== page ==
• Instagram and Twitter feedback / posts
  • Social media for front-end evaluation (see Jensen and Kelly, 2009)
  • Interesting small spaces in museums for visitors to provide feedback (#ROMBeta)
  • Journals, mood boards, Post-it note feedback boards
  • Our work with the Coalition of Knowledge Building Schools also generated a whole range of interesting evaluation ideas

And the list could go on…

I will be exploring these, as well as more traditional evaluation methods, at the workshop this week, so please shout if you’ve come across other interesting ideas we can use!








Seamless social media #TBT

@DoctorKarl – he now has 300k twitter followers…

The year 2016. The 27th annual Australian Museum Eureka Prizes. A push from our eminent hosts to trend on Twitter, invade Instagram and flood Facebook. #Eureka16.

The year 2008. The 19th annual Australian Museum Eureka Prizes. A blog post that shows how new Twitter was (and how little understood), what a novelty Facebook was and how Flickr was the forerunner to Instagram (well, kinda). Back then museums were asking “what’s the point of social media” and questioning the time taken to do social media “it takes too long”. And, people were saying (just like the famous scientist in the photo!): “Twitter? That’s stupid”.

Me and a certain someone at the 2008 Eureka Awards

How far we have come. How far we have to go. Attending the awards dinner this week (and a brilliant event it was too) caused me to reminisce and reflect on those times long ago where everything was so hard yet we kept plugging away. Thanks to all those who persisted – while we still have ways to go we have achieved a lot.

So, here’s to the great Australian scientists and science recognised at the awards over the years, and here’s to us – the digital pioneers. And, here’s to the social platforms of the future. Let’s hope those pathways are easier, more accepted and provide just as much fun and laughter!

[re-post] Developing rich media for museums: a way forward?


Image: Michael Hugill c. Australian Museum

Rich media (i.e. video) is fast becoming a key way to present museum content both onsite, online and via mobile. How can this work in a manageable and structured way? 


This post was original published on the Australian Museum blog in January 2012. Given some other work I’m doing thought be good to re-post (with some updated data).


The amount of traffic generated by YouTube is phenomenal. According to this infographic, in 2011 YouTube had 490,000,000 unique visitors generating 92,000,000,000 visits each month! So, certainly rich media is something we cannot ignore. [the latest 2013 infographic is here and YouTube – 14,400,000 Unique Australian Visitors on YouTube in July – from SocialMediaNews.com.au]

Now that I have taken over responsibility for exhibition editing, working with my new team I have been thinking about how we can both develop and manage rich, digital content across all of our sites (that is online, physical and mobile), as well as meeting expectations of a range of internal stakeholders.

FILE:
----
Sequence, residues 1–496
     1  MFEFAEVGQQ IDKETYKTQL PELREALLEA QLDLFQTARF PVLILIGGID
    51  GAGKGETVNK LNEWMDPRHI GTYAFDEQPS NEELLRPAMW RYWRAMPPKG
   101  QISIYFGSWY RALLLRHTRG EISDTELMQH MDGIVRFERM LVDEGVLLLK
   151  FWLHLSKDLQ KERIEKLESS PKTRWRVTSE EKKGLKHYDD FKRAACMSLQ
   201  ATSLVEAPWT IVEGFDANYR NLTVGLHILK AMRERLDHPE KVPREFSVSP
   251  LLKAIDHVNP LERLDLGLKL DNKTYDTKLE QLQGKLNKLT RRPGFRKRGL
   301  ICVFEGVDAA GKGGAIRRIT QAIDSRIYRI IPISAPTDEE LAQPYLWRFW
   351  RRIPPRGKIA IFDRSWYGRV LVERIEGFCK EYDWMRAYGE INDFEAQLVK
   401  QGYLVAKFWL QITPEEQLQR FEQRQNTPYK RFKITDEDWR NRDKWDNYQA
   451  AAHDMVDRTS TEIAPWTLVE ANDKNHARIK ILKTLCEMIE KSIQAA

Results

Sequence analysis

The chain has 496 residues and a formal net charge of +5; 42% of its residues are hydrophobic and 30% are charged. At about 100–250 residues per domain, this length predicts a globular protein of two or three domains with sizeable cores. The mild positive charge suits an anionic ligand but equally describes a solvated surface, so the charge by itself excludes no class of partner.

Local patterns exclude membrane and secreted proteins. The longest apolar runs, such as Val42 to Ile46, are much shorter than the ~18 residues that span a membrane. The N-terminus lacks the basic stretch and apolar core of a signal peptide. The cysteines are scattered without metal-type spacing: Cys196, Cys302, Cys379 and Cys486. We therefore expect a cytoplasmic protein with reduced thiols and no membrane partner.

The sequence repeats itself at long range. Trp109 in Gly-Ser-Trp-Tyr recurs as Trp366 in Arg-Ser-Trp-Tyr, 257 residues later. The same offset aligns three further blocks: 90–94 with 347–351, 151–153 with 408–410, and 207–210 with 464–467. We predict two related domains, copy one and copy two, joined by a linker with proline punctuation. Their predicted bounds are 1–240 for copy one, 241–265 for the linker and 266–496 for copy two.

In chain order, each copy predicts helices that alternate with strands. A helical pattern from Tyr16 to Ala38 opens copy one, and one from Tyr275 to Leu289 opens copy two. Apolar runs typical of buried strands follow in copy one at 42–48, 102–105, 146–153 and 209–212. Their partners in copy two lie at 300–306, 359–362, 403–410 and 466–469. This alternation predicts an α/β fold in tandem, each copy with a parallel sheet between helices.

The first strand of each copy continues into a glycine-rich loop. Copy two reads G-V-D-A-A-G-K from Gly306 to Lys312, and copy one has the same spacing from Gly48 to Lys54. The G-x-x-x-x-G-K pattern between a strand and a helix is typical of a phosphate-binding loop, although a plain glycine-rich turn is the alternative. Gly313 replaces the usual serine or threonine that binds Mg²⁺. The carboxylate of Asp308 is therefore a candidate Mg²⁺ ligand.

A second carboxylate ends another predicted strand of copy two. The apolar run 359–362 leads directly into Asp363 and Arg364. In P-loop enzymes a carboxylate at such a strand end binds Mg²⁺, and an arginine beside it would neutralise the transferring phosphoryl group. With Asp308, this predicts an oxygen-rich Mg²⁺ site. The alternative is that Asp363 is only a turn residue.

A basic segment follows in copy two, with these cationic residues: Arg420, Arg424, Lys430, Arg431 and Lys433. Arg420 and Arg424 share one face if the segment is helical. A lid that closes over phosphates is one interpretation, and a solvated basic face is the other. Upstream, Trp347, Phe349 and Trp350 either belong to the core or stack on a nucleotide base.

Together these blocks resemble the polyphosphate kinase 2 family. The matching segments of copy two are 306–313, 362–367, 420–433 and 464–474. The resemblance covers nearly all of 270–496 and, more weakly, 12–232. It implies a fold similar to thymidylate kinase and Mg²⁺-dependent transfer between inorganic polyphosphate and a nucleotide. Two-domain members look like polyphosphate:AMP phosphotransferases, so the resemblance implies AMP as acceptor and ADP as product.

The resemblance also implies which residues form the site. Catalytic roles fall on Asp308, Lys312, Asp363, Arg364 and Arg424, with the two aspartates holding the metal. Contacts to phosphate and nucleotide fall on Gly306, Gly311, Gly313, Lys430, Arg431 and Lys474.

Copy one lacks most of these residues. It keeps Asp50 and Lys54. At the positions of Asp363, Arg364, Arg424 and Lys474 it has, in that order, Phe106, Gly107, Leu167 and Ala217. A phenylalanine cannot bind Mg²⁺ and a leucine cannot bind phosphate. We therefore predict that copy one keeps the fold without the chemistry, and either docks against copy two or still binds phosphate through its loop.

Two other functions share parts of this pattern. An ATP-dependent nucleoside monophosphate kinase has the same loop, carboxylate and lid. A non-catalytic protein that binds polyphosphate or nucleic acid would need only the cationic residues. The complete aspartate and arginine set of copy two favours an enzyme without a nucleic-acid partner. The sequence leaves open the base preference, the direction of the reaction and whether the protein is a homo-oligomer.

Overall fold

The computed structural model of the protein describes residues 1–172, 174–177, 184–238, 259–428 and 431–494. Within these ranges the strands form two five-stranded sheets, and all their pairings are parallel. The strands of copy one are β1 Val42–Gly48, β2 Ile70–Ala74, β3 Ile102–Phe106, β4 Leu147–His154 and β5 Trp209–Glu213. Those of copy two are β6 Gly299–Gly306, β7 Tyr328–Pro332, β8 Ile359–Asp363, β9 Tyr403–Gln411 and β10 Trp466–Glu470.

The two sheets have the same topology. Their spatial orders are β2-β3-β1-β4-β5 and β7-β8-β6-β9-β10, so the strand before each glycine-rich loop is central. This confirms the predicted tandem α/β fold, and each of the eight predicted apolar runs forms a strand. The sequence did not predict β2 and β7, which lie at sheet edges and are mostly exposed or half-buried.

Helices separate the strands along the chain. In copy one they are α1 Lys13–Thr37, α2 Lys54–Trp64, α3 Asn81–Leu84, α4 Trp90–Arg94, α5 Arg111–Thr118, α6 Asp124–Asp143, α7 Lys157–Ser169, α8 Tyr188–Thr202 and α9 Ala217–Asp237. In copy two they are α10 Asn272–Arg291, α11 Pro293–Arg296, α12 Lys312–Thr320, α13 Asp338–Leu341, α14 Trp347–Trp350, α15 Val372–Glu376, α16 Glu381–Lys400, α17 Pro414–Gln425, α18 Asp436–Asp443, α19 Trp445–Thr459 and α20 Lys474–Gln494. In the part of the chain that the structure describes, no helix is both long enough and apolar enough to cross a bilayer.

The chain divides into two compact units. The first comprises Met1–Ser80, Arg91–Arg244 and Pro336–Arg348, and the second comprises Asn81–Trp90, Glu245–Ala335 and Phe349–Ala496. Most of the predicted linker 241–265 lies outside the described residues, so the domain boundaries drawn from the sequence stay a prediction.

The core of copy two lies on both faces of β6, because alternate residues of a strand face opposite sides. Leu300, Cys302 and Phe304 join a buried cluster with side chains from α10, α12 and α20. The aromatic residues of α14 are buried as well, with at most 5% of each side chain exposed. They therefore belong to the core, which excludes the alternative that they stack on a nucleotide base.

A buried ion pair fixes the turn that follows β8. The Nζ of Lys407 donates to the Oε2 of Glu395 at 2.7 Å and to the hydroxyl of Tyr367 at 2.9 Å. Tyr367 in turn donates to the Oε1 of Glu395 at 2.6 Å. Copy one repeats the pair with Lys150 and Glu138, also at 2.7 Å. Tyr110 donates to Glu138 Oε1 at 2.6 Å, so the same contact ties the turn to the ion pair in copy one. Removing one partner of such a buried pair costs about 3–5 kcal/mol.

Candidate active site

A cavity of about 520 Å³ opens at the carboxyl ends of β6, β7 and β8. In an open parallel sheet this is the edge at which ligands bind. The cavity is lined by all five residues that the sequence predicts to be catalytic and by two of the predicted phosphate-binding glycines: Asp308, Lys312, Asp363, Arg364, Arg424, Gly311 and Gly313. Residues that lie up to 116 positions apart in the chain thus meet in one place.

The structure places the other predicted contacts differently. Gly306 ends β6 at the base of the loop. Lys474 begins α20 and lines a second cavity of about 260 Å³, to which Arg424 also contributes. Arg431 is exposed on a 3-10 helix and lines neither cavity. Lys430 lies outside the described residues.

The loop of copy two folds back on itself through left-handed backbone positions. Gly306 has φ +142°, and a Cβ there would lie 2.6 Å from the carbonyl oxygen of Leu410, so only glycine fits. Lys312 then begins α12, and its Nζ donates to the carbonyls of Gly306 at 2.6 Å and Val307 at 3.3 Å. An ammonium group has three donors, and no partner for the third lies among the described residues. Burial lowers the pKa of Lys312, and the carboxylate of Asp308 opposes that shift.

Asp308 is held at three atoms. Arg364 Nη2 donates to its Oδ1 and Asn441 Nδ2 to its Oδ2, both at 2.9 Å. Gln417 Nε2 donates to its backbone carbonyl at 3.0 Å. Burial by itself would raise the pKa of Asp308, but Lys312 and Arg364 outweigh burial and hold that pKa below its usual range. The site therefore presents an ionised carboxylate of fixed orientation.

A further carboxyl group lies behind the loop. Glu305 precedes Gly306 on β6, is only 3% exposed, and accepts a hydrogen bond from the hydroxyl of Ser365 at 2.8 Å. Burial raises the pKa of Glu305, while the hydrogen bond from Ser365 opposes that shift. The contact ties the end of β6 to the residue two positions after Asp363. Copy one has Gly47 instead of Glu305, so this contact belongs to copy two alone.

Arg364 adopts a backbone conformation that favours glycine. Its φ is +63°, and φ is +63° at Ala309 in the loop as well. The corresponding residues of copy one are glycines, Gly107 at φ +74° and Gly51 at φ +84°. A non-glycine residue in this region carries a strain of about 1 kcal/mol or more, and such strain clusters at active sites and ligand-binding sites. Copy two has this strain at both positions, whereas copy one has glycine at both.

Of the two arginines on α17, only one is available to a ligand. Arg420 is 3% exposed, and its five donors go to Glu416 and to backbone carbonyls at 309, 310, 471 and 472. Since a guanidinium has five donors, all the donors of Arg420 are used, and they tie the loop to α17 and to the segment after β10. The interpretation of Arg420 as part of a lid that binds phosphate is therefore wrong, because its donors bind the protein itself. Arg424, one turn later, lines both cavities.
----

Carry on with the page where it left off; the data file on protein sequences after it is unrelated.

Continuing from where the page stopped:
I’ve been thinking that there are three levels of or approaches to rich content: the quick; rapid response and the high-level. Think of the quick as akin to an iPad / smartphone movie – capturing a quick moment, event or visitor feedback. – for example this launch of one of our programs. The quick should take no longer than five minutes from capture to update, need little (if any) editing and minimal (if any) branding. Here‘s an example of a quick movie at the 2011 launch of Science in the City.

The rapid response idea is a piece that needs a little more editing work, but should only require a maximum shoot of around 10-15 minutes. These videos should be turned around in 24 hours or less and include a response to what’s in the news that day (for example this video on a sperm whale) or something interesting behind the scenes (for example this video on framing up an exhibition).

The high-level is a full-blown production – needing a storyboard, higher production values, budget as well as time and access to decent editing software. It would be akin to developing movies for a physical exhibition or a promotion, such as this fantastic Genghis Khan promo from the Denver Museum of Nature and Science.

We know that watching the moving image has always held a fascination for humans. Now, in the YouTube age, anyone can be a writer, director, producer as well as star. Reflecting on 2011’s top ten videos viewed on YouTube is rather depressing. Rebecca Black, a talking dog, and something called cone-ing made the Australian top ten. Museums can do so much better! The trick is to manage expectations and accept that some content may not be as polished as we’re used to, but at least it’s out there.

I’m hoping the the three-tiered system outlined above can help us manage this complex and fascinating area. Be interested to hear other approaches to developing rich media across your museum sites.


So, in 2016 my hopes about a three-tiered system are still top of mind, and now, with super-amazing smart phone cameras available, are even more achievable. Watch this space for some future smart phone film-making fun (Hint: think sf3…)!